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May 04, 2016

Police: Fairhill man responsible for Olney arson that killed family in 2003

Investigators say additional suspects are implicated in deadly firebombing

Investigation Arson
050416_AbduRivera Source/Philadelphia Police Department

33-year-old Abdu Rivera is charged with five counts of murder, arson and related offenses.

The Philadelphia Police Department has revived an arson cold-case that left five people dead in a "Molotov cocktail-style" bombing that allegedly ignited an Olney rowhome in the hours after a bar fight on Nov. 18, 2003.

According to the Northeast Times, Philadelphia Police Captain James Clark announced last week that 33-year-old Abdu Rivera has been arrested in connection to the firebombing that killed his own family members, including a 3-month-old child.

Cold-case detectives moved to arrest Rivera after convincing witnesses to open up about the incident, which police say involved multiple suspects still targeted in an ongoing investigation.

Authorities believe the firebombing occurred after a bar fight between then 20-year-old Rivera and John Santiago, a trained boxer who was killed in the fire along with his wife, mother, brother, and daughter. Detectives say Rivera and several friends were beaten up by Santiago around Second and Ontario streets, prompting an extreme act of retaliation in the ensuing hours.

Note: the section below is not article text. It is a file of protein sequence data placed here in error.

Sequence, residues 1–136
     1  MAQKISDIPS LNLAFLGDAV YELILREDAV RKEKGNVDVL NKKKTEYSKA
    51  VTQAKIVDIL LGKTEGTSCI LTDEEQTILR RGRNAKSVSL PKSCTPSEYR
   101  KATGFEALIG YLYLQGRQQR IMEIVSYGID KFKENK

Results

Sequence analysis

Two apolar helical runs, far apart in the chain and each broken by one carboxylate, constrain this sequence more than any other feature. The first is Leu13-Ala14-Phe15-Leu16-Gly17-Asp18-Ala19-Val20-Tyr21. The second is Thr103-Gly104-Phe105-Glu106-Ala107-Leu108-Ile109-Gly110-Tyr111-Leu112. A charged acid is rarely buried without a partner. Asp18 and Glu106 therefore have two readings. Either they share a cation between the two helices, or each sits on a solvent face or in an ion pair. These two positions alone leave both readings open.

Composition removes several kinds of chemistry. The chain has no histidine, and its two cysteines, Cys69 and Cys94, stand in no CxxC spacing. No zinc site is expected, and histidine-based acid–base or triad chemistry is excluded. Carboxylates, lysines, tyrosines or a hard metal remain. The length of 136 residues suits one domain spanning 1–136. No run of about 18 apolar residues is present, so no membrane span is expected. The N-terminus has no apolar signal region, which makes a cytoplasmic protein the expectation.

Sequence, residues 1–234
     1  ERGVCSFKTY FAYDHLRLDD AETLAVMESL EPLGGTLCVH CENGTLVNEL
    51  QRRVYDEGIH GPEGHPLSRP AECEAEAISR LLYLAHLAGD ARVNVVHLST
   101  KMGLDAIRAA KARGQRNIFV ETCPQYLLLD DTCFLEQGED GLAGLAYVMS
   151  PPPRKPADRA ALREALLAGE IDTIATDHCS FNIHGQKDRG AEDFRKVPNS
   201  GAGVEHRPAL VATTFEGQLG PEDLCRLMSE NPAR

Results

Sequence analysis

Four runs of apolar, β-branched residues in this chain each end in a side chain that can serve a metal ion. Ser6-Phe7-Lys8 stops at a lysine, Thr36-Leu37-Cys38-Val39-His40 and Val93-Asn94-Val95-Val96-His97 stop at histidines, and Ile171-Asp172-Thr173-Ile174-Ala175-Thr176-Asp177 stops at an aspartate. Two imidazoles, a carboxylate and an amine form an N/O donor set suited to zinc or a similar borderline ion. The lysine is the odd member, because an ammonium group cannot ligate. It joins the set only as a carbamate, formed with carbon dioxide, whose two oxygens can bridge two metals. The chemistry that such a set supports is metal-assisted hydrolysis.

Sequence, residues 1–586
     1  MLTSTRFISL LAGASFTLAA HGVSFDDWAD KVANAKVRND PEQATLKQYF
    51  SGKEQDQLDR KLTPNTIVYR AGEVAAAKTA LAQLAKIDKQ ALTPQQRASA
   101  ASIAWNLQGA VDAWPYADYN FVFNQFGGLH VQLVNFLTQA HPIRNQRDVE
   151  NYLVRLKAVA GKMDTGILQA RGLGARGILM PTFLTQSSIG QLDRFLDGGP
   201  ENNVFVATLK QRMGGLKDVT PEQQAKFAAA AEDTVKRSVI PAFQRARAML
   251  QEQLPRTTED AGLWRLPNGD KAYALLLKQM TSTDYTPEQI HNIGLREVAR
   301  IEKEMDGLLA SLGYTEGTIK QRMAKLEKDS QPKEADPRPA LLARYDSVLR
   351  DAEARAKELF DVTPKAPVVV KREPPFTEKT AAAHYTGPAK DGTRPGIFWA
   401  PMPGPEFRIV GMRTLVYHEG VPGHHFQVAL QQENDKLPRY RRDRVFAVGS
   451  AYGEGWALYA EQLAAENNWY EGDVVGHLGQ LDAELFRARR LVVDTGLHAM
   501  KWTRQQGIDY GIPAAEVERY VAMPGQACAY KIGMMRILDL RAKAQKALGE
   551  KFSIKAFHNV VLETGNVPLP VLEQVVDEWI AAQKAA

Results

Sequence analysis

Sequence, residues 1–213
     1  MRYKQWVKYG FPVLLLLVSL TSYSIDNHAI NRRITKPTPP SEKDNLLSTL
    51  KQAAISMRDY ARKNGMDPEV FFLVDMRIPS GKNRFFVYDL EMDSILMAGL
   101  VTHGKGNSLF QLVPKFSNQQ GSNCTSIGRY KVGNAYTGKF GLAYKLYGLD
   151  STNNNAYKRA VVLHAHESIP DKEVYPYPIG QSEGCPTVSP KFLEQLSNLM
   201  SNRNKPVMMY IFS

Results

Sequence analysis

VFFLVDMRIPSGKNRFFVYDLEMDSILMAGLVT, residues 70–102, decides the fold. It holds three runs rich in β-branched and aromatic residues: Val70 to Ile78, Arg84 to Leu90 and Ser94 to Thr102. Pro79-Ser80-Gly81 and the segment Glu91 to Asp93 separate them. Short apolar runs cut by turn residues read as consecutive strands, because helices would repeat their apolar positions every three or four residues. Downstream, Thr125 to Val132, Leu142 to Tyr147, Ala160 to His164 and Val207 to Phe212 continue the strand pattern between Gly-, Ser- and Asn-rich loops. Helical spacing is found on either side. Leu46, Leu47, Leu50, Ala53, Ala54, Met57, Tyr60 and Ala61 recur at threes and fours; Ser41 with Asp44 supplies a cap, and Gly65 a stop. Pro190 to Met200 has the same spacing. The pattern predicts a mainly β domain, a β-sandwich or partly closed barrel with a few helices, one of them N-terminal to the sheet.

At around 3:30 a.m., Rivera allegedly tossed fuel-filled containers into Santiago's home, located on the 100 block of Widener Street. At the time, eight family members were in the house. Flames reportedly blocked the front entrance and the back door was bolted shut. Four of the relatives managed to escape, but one of them eventually succumbed to his injuries, leaving three survivors.

At the time, according to 6ABC, fire officials found the remnants of a plastic container with flammable liquid inside and determined the blaze was intentionally set. The case was reopened in 2014 with a $100,000 reward, which police say will be given to a person who assisted with the investigation. 

Rivera, an ex-convict, was acquitted of two murders and two assaults in the mid-2000s. He was previously convicted of felony involuntary manslaughter and served six years in prison for a pair of firearms charges. He is currently being held without bail at the Cur­ran-From­hold Cor­rec­tion­al Fa­cil­ity and a preliminary hearing is set for May 11.